1. Home
  2. policy
  3. economy
  4. news
  5. Putin and his Kremlin clique are rolling out their own kids at the 'Russian Davos'

Putin and his Kremlin clique are rolling out their own kids at the 'Russian Davos'

Huileng Tan   

Putin and his Kremlin clique are rolling out their own kids at the 'Russian Davos'
  • Children of Russian elites are addressing the St. Petersburg International Economic Forum.
  • Russian President Vladimir Putin's low-profile daughters are slated to speak at the event.

It's the time of the year for the St. Petersburg International Economic Forum — or the "Russian Davos," as it's sometimes called.

For years, Russian President Vladimir Putin's flagship business and investment event has attracted the world's elites, including French President Emmanuel Macron, Chinese leader Xi Jinping, Indian Prime Minister Narendra Modi, and former German Chancellor Angela Merkel.

This list of high-profile world leaders has become substantially shorter since Russia invaded Ukraine, triggering sweeping sanctions against Putin's regime.

This year, the biggest names attending the event include Bolivian President Luis Arce and Zimbabwean President Emmerson Mnangagwa.

But the four-day economic forum, which started on Wednesday, now also features the children of the Kremlin's top echelons, Bloomberg reported on Wednesday.

The nepo babies in attendance include Maria Vorontsova and Katerina Tikhonova, Putin's low-profile daughters.

Vorontsova, a 39-year-old endocrinologist, is representing the Russian Association for the Promotion of Science. She is slated to speak about bioeconomics.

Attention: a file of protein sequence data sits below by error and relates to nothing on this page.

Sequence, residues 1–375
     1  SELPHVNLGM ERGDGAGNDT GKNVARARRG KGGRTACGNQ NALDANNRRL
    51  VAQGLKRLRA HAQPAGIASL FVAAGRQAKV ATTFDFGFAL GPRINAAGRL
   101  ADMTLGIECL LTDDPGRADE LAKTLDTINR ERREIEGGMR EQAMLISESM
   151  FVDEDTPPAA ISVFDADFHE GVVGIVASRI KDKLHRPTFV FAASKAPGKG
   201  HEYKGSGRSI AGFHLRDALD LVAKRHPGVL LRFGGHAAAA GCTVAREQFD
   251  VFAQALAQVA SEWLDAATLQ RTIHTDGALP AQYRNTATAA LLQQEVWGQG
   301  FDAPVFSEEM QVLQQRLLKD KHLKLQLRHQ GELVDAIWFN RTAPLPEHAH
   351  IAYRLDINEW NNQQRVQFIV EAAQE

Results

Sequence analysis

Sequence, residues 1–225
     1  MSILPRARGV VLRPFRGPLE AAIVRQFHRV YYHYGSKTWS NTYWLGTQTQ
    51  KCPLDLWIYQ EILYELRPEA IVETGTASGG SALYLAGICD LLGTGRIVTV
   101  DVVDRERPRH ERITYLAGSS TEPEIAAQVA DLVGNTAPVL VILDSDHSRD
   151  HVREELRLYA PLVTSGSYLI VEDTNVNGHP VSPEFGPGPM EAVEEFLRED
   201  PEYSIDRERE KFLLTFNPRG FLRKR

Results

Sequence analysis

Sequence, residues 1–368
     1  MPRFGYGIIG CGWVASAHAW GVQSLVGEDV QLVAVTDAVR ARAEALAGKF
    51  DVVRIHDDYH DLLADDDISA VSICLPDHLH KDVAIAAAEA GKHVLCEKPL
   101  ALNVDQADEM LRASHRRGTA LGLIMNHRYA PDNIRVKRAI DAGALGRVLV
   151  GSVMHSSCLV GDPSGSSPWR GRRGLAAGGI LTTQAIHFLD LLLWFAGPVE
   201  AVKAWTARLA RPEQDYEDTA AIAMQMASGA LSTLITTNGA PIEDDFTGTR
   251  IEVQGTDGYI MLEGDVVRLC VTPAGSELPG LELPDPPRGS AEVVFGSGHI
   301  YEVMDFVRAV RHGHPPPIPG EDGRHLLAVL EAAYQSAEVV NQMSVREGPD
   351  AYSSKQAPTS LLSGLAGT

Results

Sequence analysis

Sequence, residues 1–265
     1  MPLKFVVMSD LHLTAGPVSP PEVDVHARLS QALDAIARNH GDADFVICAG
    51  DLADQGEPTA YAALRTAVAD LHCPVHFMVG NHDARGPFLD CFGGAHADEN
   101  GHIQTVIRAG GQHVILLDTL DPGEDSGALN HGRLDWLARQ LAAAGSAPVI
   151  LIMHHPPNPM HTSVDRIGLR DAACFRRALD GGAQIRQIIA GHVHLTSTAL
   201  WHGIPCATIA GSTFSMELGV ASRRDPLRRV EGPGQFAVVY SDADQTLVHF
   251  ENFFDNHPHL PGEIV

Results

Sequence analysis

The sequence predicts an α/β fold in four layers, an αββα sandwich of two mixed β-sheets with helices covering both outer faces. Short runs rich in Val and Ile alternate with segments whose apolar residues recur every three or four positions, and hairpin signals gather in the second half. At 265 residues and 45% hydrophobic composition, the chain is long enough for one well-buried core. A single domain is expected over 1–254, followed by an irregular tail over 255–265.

Meanwhile, 37-year-old Tikhonova, who heads the Innopraktika center — backed by state-owned companies — is slated to join a panel to speak about the military-industrial complex.

Other Kremlin offspring addressing the event include Ksenia Shoigu, the daughter of the former defense minister, who is slated to moderate a panel, and Kremlin Chief of Staff Anton Vaino's son, Alexander, per Bloomberg.

The second generation of Putin's inner circle appears to be stepping up now that their elders are aging; the Russian leader himself is 71 years old. However, the reason could also be tied to self-preservation in the authoritarian system, Ekaterina Schulmann, a political scientist at the Carnegie Russia Eurasia Center in Berlin, told Bloomberg.

"To be safe, you have to be in the system," Schulmann told the media outlet.

In the past, Russia's elite were able to send their kids overseas to hedge their risks should anything go awry at home. But sanctions and heightened scrutiny have made this option much more difficult now.

"Now that this opportunity has become harder, the way to protect themselves is to appoint their children as bosses," Schulmann told Bloomberg.

Putin is scheduled to address the economic forum on Friday.

Popular Right Now